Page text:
For these teens life is a minefield, and we can see that in suicide rates. Young kids generally don’t take their own lives, but then in the teens the rate gets much higher. Kids have to deal with life, and deal with who they are. Still, the teen years show easily the lowest suicide rate for all stages of a life after pre-teen, in the USA at least.
Most kids, after all, don’t deal with daily beatings and abuse at home. Even kids with ‘caring’ parents can get stressed by parents’ expectations. Spoiled kids on the other hand may think they have it easy, but things will get hard in adulthood for someone who has always got what they wanted.
Psychology Today simply says, “The spoiled person is discontented… Such a person is unhappy, and it falls to parents to prevent their child from growing up this way.”
They are tricky years, but in the end, someone generally has your back. One teen girl said, “Social status matters so much today, and it’s all about how you handle yourself on social media.”
So, yes, you’ll have to fight through pecking orders, traverse the minefield of other kids and their taunts, but most kids, generally all kids, face this without insurmountable problems. You’ll also see your body has changed, and those hormonal shifts can bring pimples to your face and put you in bad moods.
You’ll be nervous no doubt about a first kiss, about making love, about becoming a man or a woman, but again, everyone has to go through this and generally these fears are easily overcome. Enjoy it while you can, because life is going to get harder.
The next stage is from the age of around 30-45.
You’re are not yet middle-aged, but certainly are over your growing pains. These are the years when you’ll likely find a career path, when you might get married and have children of your own, when you might get divorced, when, if you had a bad childhood, you might come to terms with that. It’s also the age things might fall apart.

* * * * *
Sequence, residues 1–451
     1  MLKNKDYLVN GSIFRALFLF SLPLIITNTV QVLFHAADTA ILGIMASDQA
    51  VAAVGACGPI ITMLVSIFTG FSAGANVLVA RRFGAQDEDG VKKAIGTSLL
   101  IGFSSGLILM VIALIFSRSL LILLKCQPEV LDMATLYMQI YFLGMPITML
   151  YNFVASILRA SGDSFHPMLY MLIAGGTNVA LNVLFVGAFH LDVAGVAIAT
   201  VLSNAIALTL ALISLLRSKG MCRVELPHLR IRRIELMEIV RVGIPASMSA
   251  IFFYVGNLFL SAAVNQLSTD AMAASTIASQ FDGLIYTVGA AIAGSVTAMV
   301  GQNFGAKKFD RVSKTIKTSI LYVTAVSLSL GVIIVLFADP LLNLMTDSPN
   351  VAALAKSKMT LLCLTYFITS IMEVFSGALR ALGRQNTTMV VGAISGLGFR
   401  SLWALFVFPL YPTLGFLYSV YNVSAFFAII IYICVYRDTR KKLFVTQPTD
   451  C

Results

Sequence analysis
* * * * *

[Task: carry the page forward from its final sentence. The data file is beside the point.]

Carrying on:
When you watch your friends succeed. When you are inundated with photos on Facebook showing perfect happy marriages, your long-lost buddies travelling the globe, them sporting the best new clothes and driving flashy cars. You’re still wondering where everyone went, downing a Xanax and vodka in your one-bedroom flat listening to 90s music while measuring your receding hairline.
This can be a trying time. One thing for you now to know is you must move on. It’s time to leave the cocoon of youth and become a butterfly. So, what if you didn’t get married or don’t have the best job in the world. Don’t get down looking at how others live, you must change yourself. You are not too old to start something new.
If you don’t have kids, see that as a reason to do all the things people with kids cannot do. Ok, so your school buddy is rich, but he works long hours at an office in the rat race. Is that always a good thing? Do nice cars make people happy? You’ll find the answer is no.
Surviving these years is all about accepting change, accepting the loss of youth, and adapting to your future. Sure, these years are hard because many people just can’t cope with this. On the other hand, people may be stuck in an unhappy marriage or a job they hate – they won’t always admit that.
That’s no reason to roll over and hit the Prozac as many people do during this stage of life. It’s reason to dig in and make some changes. It’s the time you embrace the adage, “Carpe Diem”, “Seize the Day.”
The next stage is what we might call middle-age, from 45-60.
Maybe you didn’t make those good decisions we just talked about; you just stayed in the bad job, the terrible marriage; you kept hitting the booze and let yourself go physically. These are the years when most people take their own lives. It all depends on how you set this time up.